They expect the study to show that using huddles may increase staffing costs for preventative care, but that increase will be outweighed by a decline in costly interventions such as ER visits and hospital admissions.
Teaching Intervention Engine to Learn—and Advise
The team has another goal for the Intervention Engine: to become a "learning health system." This means the software can use the data to look at patient outcomes and make recommendations for other patients.
"The purpose of huddle discussions is to be more proactive," says MITRE's Andy Gregorowicz, who initiated the project with MedStar last year. "Right now, IE supports the discussion, but it doesn't provide a way to record the results, track them, and see how they've worked.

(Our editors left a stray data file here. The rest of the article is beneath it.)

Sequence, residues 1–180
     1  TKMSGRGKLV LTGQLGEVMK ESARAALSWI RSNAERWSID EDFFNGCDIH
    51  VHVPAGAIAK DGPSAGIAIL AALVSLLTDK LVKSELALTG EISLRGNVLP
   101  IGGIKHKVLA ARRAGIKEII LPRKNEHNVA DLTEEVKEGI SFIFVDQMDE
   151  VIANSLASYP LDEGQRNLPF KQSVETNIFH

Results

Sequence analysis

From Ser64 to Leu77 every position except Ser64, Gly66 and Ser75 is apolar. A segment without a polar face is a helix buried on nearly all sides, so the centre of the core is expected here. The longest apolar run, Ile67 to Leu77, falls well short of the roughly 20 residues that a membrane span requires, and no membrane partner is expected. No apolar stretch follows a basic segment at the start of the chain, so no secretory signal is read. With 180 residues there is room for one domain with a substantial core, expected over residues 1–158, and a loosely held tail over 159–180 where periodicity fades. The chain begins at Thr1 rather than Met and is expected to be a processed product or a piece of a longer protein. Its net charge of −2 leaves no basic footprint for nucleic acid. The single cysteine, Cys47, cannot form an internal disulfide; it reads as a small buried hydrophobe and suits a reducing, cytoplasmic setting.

"We're looking at allowing the software to look back over time to see if particular interventions were effective. If we can actually see that certain interventions work better, we can help guide the care team to use them more often."
The team is equally excited to provide Intervention Engine as open-source software. "Using the Apache 2.0 license lets other providers take this software and run it on their own network—which aligns with MITRE's mission to work in the public interest," Gregorowicz says.
"We see this as one of the best avenues to get this technology into the hands of healthcare providers, so they can use it to deliver value to their patients, faster."
—by Tricia C. Bailey